Excerpt: Ordinary Fae by Melony Paradise
A football zipped past my head, circled around my mother, and followed my annoying brother out of the kitchen, narrowly missing the antique cookie jar. His high-pitched laugh pierced my ears even after he’d vanished into the living room. I rolled my eyes at my mom and swiped a finger across the lopsided chocolate cake she was frosting.
“You should’ve left the glamour binding on him, Mom,” I said, stuffing my frosted finger into my mouth as she swatted at me with the spatula. “Do we really have to wait to take my binding off? I’m so tired of being ordinary!”
“Yes, Izzy,” she said, sighing. “You know we must wait until the actual time of your birth in Faeloria, and that isn’t until ten
twenty-three tonight. Now, if you ask me again, I’ll make you wait—indefinitely.”
I slumped back from the island counter, arms crossed, and pouted. Mom smirked and winked at me, turning to wash the dishes she’d used to bake my birthday cake.
“I’m going to be eighteen—an adult!” I slapped my hands down on the counter and growled. “I’ll be able to drop my glamour whenever I want, and use my magic, whatever it is.” I let out a loud, exaggerated sigh aimed directly at my mother.
Mom turned around to cock an eyebrow at me while drying her hands with a dishtowel. “You’ll be fourteen, little miss. The age of majority for Fae, yes, but that doesn’t make you an adult. Being mature and responsible with the magics, and as a person, makes you an adult. Once the binding comes off, you’ll feel different, more powerful. That can go to your head. Don’t make us regret this.”
“I’ll be more responsible than Kye was after he got his magic.” I huffed a little laugh and shook my head. “You remember when he went to his football game without his glamour on?”
“It’s a good thing his natural coloring is the same as the high school colors.”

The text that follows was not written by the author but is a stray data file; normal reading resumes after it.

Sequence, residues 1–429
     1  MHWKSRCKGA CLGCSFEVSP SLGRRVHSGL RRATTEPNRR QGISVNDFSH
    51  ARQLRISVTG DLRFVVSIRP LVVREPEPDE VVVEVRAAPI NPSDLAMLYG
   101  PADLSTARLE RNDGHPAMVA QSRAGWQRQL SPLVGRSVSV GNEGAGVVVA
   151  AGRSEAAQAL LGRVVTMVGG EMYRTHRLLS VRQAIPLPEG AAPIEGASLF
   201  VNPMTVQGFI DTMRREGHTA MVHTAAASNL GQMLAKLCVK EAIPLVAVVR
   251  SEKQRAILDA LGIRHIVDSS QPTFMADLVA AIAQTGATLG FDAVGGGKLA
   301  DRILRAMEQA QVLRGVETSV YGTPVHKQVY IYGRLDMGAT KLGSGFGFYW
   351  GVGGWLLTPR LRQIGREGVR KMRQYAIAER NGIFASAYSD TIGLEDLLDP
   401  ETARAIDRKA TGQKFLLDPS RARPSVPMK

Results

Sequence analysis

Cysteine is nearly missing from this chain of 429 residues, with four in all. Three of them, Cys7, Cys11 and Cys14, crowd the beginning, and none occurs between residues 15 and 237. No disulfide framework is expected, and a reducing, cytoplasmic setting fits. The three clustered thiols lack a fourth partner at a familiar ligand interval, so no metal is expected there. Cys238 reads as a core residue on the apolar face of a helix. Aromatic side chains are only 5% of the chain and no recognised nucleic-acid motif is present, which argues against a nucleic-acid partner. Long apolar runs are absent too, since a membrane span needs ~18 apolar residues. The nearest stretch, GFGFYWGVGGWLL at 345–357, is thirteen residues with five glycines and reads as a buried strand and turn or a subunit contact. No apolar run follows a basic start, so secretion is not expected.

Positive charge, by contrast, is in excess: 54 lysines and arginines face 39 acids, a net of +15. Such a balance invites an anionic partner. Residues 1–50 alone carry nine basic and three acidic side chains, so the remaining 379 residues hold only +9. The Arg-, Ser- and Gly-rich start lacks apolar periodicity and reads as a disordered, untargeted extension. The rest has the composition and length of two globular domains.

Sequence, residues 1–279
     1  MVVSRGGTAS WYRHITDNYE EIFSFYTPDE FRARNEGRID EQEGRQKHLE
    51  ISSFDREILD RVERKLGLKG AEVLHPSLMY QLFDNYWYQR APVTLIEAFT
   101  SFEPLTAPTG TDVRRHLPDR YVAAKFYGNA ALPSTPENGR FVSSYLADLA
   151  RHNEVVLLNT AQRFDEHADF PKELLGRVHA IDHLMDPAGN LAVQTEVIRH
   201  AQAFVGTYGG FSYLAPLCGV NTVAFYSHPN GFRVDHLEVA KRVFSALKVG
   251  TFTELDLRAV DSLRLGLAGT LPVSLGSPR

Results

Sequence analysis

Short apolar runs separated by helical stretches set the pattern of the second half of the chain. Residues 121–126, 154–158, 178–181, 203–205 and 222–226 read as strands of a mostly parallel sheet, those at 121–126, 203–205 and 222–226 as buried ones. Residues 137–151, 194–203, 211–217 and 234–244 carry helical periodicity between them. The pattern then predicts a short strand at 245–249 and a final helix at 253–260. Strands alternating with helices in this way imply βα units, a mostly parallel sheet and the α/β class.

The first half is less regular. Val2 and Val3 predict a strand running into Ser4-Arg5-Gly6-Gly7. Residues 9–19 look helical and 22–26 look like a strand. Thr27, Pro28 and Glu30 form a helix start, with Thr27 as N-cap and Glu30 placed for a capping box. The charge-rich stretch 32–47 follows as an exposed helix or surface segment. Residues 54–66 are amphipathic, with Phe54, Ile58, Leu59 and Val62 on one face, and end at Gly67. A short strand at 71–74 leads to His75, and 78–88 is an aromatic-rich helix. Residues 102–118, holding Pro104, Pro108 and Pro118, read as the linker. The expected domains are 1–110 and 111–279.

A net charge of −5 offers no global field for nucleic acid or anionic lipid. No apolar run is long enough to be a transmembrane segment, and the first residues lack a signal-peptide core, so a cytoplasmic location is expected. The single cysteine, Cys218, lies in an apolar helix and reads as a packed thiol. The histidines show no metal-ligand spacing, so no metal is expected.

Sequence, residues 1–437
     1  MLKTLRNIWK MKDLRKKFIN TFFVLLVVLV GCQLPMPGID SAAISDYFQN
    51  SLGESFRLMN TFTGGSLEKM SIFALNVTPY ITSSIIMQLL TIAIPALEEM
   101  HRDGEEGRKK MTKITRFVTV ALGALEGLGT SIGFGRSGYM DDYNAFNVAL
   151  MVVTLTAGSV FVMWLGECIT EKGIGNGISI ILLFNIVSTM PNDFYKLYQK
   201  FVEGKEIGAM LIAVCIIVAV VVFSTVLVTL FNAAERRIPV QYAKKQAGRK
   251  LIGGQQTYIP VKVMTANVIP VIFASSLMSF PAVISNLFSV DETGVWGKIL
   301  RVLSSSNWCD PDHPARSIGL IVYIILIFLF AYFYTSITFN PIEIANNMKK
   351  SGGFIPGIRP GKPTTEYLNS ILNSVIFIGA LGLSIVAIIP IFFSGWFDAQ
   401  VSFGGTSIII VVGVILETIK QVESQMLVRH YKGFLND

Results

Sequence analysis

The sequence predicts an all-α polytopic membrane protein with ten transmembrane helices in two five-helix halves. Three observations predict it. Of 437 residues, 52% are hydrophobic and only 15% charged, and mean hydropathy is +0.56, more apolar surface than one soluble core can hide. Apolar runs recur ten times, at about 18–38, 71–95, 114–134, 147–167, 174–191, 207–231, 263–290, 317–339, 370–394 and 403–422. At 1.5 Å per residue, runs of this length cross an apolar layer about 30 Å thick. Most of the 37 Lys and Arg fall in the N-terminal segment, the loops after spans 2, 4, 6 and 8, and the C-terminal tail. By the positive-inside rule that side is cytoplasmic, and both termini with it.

We giggled, remembering how we watched my brother walk onto the football field with blue skin and green hair. Luckily, he played it off as a prank and danced around the field with the mascot.
“I invited Bren, by the way.” I smirked, knowing that would push her buttons. Being a teenager was fun sometimes.
She shot a glare at me. “Izbella,” she said hotly, wagging a finger at me, “you get to kick him out after cake then. You know he
can’t be here when we perform the unbinding.”
I rolled my eyes. “Fine. But I wish I could tell him about us. I hate keeping such a ginormous secret from my best friend.”
Mom came around the island and wrapped an arm around my shoulders. “I know, sweetheart, but he’s human. We can’t let humans know we exist. If it got out, the king could find us and force us back to Bilora, or worse, turn us into the Prime Fae. Then we would have to live the rest of our very long lives in the worst prison of Faeloria.”
It was difficult to really understand what she was saying. My parents had lectured us so many times about the dangers of our home world, but they were just stories of a land I’d never seen.
The Prime Fae governed Faeloria from afar as they sat in their ivory towers, turning their noses up at most of Fae kind. They let the regions rule themselves but stepped in only when they deemed it necessary. Unfortunately, forced betrothal was beyond their purview.
“I know, Mom. Being the Vex Fae princess would be almost as bad as centuries in a Fae prison.” I sighed. “I know, without a doubt, that Bren would keep our secret, but I won’t tell him. I swear.”
Leaning away from me, Mom nodded and gave me a tight smile. “Good. Your father and I will never let anyone force you to marry into that vile family and live amongst the immoral Vex Fae.”
I stood and hugged my mom. She kissed my forehead and pushed me towards the living room. At the doorway, I glanced over my shoulder at my beautiful mother, with her pale blue skin and shimmery, turquoise hair, putting away dishes in the cozy kitchen.